Dr. Vuyo Mahlati, land reform panel leader & president of the African Farmers’ Association of South Africa (Afasa).
Dr. Vuyo Mahlati, land reform panel leader & president of the African Farmers’ Association of South Africa (Afasa).

The African Farmers’ Association of South Africa (AFASA) is gearing up to launch its much-anticipated Agribusiness Transformation Barometer, highlighting the role of black farmers in South Africa at an upcoming conference in Bloemfontein.

More than 300 farmers and agripreneurs are expected to attend AFASA’s third Agribusiness Transformation Conference (ATC) scheduled for 6 to 8 October 2019. Now in its third year, the ATC is considered a rare opportunity for farmers and agri-leaders to engage with policy makers at the ministerial level, and also to explore business opportunities with the private sector. Various agricultural organisations, including SAGRA, NERPO and SAFDA, will deliberate with government on a ten-year plan for agriculture in South Africa.

AFASA president Dr Vuyo Mahlati says she is very excited to launch the AFASA Agribusiness Transformation Barometer during the conference. She says the barometer will push black farmers to the centre of driving transformation as entrepreneurs, farmers and agri-processors. Its purpose is to measure the progress of transformation across the food value chain, with a focus on meaningful participation of black farmers in the commercial sector.

Mahlati says AFASA has, however, realised that even established businesses need to be transformed to meet future challenges. “The transformation goes beyond black and white. It looks at transforming to be resilient in the face of climate change and the shift in the global market.”

The barometer will assess progress made by government, state-owned enterprises, the financial services sector, and established commercial farming groups in delivering transformation initiatives in the agricultural sector.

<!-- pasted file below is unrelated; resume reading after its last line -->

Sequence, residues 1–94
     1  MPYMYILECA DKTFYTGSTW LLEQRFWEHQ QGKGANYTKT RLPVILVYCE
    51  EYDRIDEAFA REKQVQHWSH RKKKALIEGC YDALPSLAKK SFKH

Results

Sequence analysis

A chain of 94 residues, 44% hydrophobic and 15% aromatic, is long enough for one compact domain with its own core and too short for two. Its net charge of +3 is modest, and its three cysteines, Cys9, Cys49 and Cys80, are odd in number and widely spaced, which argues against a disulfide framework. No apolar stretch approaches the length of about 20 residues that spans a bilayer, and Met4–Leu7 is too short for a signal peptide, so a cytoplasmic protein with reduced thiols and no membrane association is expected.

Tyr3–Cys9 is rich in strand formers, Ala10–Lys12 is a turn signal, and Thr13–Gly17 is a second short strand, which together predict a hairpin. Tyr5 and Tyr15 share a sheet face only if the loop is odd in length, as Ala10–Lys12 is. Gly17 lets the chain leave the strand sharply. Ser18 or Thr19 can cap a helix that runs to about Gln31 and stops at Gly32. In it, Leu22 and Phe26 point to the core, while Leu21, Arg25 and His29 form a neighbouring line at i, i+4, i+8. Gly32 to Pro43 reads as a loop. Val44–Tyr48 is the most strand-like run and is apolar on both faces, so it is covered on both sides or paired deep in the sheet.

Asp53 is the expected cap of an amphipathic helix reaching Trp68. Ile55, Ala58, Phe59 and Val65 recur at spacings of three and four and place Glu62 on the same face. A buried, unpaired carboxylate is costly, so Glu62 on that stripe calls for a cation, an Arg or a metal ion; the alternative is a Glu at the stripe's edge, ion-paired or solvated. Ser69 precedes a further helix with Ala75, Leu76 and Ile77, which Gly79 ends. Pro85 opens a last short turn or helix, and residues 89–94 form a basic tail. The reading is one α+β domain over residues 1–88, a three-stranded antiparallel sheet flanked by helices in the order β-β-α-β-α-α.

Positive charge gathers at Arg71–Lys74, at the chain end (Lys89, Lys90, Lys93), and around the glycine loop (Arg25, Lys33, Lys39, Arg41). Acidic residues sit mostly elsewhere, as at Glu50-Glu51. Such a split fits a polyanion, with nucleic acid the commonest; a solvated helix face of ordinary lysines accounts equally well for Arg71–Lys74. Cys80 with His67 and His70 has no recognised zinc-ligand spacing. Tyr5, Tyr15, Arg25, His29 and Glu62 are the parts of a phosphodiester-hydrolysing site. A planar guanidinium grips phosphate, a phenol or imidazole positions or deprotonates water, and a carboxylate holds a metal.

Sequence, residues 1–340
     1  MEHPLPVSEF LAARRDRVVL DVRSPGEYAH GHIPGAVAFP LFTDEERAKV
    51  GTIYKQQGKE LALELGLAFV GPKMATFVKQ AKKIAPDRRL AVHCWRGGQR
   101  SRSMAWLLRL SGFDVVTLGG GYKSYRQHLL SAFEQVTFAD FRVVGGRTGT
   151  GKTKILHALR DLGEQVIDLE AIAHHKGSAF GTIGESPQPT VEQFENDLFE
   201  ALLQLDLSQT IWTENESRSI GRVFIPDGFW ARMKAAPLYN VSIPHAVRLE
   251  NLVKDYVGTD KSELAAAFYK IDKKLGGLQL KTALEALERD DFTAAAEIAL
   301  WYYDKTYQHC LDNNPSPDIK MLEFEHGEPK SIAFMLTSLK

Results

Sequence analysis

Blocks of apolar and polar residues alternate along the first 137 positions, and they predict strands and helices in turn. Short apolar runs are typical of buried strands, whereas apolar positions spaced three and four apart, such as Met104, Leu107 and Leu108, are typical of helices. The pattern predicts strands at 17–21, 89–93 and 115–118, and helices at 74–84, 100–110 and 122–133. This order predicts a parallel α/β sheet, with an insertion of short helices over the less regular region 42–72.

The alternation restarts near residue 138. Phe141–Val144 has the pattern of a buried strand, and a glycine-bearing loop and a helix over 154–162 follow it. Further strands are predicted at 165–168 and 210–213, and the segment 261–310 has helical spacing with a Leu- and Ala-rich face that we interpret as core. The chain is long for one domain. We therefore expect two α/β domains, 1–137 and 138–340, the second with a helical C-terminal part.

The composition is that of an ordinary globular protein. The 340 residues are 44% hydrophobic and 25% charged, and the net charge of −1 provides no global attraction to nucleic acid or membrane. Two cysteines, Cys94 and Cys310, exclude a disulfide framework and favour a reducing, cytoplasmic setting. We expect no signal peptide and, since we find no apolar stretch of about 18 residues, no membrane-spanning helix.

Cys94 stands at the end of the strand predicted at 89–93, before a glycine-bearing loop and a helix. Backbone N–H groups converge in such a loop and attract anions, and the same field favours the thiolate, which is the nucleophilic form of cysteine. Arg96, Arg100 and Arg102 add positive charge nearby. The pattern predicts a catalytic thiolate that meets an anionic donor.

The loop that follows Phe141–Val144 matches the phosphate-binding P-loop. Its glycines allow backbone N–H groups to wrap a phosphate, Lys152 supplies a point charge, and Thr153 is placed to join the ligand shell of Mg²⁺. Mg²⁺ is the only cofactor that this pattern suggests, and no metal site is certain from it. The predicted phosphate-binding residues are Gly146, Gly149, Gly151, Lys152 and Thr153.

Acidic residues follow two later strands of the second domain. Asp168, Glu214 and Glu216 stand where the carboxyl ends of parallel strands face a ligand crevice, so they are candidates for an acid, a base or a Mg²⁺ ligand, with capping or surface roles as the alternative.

Mahlati says the conference theme is “Farmers growing South Africa: Creating jobs and trade opportunities”. She describes the conference as highly focused, and says it will highlight the need for job creation and agriculture’s role in alleviating poverty and unemployment. “We also want to create awareness around the efforts of black farmers to commercialise.”

According to Mahlati, the industry has made great strides across the value chain and farmers have managed to grow their businesses, create employment and export their produce. “This is happening at a time where agriculture is extremely challenged as a sector. We need to focus efforts to ensure that we support those who are commercialising.”

The three-day conference will be held at the Imvelo Safari venue, owned by game farmer Xolile Dasheka, who is also an AFASA member. Farmers and agripreneurs from all over South Africa are currently registering to attend the conference.

 “What we are trying to do is push through the message that success in agriculture knows no race, but it is a matter of how you are supported,” says Mahlati. “We want to push black farmers to be at the centre of driving transformation, but realised that established businesses also need to be transformed.”

Mahlati urges farmers and agripreneurs to register as soon as possible to avoid disappointment. “The time is now. We might be struggling with droughts and the economy, but there are still opportunities out there. The conference is a great networking space for those looking for potential clients or partners and it’s also a learning and sharing platform.”

To register, click here. 

More information on www.afasa.org.za.

Duncan Masiwa
DUNCAN MASIWA is a budding journalist with a passion for telling great agricultural stories. He hails from Macassar, close to Somerset West in the Western Cape, where he first started writing for the Helderberg Gazette community newspaper. Besides making a name for himself as a columnist, he is also an avid poet who has shared stages with artists like Mahalia Buchanan, Charisma Hanekam, Jesse Jordan and Motlatsi Mofatse.